regime. >> more troubling information from russia, as drone flights over syria leaves the white house unclear about russia's intentions. refugee bottleneck. >> thank you very much some thank you, slovenia. >> as thousands flook the floode croatia slovenia border how patience is running short. el nino's impact. >> to understand the impact, 1997 the river rose so much it destroyed the bridge behind me. >> scientists expect the upcoming season will pack a punch. good evening, this is al jazeera america, i'm del walters in tonight for antonio mora. we begin with russia's ongoing
buildup inside syria. intelligence officials say russia have begun to fly intelligence flights over syria. secretary of state john kerry warning that those flights could lead to an accidental encounter with american air campaigns. benjamin netanyahu saying the assad regime could hand over weapons to regional factions who want to destroy israel. for its part russia is demanding action after a shell landed inside its operations in damascus. paul tradergian reports. >> reporter: a cracking radio transmission in russian intercepted by syrian rebels in
homs. they say it belongs to the russian pilot of a cargo plane asking for permission to land. >> translator: after a while it was clear to us there was a cargo plane in the sky accompanied by four fighter jets. >> what is believed to be the russian cargo plane, the destination the airport in the coastal city about 20 miles sous of latakia city. that's where russian troops have been sent to help, they say, syrian presidential bashar al-assad in the fight against i.s.i.l. but there are air to air weapons that clearly have little to do with the fight against i.s.i.l. >> air to air as well as air to
surface, surface to air missiles raise serious questions and that is precisely why we are engaged in further conversation about answering those questions and about deconflicting the russian activities from ours. >> meanwhile, in homs, rebel groups are keeping an ear on air traft to setraffic to see what n military will do next. paul tradergian, al jazeera. awe author of the daily syrian newspaper comment. joins us from norman oklahoma. mr. landis, thank you for your time. what is the end game for russia? >> well, russia clearly is committed to keeping bashar al-assad's regime in the fight. and in a sense, russia's drawing some red lines and saying that if the united states is thinking about no-fly zones, erecting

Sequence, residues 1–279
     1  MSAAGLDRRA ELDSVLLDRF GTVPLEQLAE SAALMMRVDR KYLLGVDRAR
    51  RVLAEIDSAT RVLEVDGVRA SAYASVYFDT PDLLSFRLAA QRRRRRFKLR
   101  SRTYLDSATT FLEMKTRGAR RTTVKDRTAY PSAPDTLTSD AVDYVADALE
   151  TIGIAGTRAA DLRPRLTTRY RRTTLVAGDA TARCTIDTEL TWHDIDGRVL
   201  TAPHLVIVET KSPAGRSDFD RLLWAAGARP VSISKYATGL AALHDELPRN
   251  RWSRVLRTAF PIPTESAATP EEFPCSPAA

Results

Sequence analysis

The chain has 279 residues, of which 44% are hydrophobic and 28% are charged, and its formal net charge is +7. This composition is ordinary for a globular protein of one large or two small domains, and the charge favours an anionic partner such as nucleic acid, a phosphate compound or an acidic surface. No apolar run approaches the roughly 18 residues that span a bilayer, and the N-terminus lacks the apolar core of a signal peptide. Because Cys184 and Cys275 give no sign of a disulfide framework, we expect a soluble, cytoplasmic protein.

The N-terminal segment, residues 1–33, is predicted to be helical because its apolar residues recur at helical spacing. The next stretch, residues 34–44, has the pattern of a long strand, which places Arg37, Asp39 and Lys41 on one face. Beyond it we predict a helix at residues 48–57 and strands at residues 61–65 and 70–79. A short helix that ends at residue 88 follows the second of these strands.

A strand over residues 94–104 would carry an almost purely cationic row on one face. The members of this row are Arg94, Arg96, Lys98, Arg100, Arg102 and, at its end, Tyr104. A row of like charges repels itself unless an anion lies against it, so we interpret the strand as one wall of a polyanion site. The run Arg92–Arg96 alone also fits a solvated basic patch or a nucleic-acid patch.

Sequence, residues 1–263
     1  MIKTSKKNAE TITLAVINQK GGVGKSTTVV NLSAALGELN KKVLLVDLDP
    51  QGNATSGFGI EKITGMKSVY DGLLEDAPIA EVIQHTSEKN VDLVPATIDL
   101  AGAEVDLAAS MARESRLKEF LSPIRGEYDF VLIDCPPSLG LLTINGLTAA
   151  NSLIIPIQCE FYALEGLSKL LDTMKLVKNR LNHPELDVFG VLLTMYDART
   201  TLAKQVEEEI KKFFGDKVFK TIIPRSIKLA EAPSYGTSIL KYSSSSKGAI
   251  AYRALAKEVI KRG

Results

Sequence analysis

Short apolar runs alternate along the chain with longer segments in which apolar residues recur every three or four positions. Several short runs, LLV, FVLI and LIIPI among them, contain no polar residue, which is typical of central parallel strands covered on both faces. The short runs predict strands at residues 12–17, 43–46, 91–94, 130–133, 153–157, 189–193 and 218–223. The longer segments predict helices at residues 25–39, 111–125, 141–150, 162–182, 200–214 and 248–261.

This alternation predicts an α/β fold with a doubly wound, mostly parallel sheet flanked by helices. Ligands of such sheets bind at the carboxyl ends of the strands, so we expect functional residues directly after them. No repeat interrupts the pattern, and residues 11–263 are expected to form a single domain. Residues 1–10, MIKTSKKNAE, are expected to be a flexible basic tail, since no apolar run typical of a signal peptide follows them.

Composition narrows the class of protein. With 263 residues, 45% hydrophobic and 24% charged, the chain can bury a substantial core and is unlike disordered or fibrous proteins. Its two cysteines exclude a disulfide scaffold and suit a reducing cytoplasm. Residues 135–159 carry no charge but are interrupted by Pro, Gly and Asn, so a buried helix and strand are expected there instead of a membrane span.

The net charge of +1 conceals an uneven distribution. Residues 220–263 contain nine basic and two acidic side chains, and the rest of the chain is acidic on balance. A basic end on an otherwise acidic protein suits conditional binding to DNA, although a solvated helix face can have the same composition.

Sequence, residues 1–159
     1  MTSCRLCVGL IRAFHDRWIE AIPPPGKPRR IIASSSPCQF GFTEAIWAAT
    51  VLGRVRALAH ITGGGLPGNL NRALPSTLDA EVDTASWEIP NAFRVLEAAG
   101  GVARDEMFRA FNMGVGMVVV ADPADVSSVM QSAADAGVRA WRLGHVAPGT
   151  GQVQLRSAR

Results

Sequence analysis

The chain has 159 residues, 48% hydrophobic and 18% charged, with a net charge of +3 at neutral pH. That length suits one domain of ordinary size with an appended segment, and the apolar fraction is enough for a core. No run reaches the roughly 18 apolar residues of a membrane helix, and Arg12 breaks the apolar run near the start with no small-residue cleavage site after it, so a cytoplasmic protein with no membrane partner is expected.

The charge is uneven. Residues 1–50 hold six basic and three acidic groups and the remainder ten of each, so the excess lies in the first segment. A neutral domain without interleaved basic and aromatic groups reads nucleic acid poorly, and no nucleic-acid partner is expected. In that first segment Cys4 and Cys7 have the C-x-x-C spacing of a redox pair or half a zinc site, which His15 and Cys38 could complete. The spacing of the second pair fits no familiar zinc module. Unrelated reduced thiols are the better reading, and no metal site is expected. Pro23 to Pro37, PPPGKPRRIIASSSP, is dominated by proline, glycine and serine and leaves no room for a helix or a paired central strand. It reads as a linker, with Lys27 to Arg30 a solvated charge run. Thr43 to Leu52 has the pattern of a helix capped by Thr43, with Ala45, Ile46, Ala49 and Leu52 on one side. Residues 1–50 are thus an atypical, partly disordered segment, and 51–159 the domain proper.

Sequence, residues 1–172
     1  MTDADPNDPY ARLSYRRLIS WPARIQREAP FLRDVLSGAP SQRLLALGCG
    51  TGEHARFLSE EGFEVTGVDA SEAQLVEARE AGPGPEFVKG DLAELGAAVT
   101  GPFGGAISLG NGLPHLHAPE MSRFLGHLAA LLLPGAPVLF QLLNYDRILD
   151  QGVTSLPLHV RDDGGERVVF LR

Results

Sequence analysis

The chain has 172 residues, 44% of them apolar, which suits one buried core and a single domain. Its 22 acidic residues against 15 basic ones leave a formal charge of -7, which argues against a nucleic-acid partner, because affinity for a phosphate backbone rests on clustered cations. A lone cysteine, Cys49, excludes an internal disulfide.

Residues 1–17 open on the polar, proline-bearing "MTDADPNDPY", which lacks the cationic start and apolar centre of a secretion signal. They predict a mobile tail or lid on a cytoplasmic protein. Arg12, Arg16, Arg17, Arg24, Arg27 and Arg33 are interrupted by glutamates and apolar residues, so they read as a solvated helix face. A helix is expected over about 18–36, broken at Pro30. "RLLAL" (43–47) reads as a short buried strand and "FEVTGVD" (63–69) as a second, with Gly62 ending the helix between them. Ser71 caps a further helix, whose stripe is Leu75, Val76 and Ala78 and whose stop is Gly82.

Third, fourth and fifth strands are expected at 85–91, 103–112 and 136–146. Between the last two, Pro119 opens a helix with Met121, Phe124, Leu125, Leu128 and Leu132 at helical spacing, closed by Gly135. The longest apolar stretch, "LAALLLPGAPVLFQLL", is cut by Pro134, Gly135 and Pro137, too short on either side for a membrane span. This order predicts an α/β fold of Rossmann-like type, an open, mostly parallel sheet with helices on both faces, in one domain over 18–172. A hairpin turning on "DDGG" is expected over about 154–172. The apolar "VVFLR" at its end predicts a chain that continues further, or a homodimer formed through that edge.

no-fly zones it's been proposed a number of times recently it should not do so unless it wants to get into a bidding war with russia. so this is clearly laying down a marker that russia is going to support assad. he's not going. if they want to deal they have to deal in such a way that assad and his regime remains in syria. >> let me ask the question this way, wha what does the putin ree gain from backing up assad? >> the big base in tartusse where russian ships can land and in the center of the middle east, we've seen that russia has been the center of international politics on the chemical weapons issue, on the syrian issue, on the arab-israeli conflict, hezbollah, if you want anything to happen in the middle east, you have to include russia.
>> mr. landis, to what extent if any have there been back door negotiations between the u.s. and russia, to put it mildly, that our planes don't shoot each others' out of the sky? >> that's the big word everyone is using is deconflicting. in a sense russia is forcing america's hands. america has tried desperately not to coordinate with assad. they consider him a dictator who kills his own people. this is going to force him in a sense to coordinate with them. as they both bomb i.s.i.s. theoretically they're going to have to let assad know where their planes are and assad will let them know where his planes are. this could bleed into intelligence sharing and other things and that's what the syrian rebels and the sunni allies in america are very worried about, that this could push america towards coordinating with assad in the
fight against i.s.i.s. which they do not want in any way. >> but does this fit into this category of the enemy of my enemy is my friend is russia is indeed fighting i.s.i.l. isn't that good for the west? >> i'm sure from the point of view of military, some military advisors and military coordinators for the united states they will be happy to carry out their mission of killing i.s.i.s. if they can get more intelligence, more help, more planes more drones and that's what russia's offering them. of course in washington the politicians are going to be furious because they don't want to have anything to do with assad and we saw this most clearly in the city of palm raz, the great archaeological site. the u.s. stood by and watched rather than allowing, rather than helping assad defend itself and palmyra from i.s.i.s, they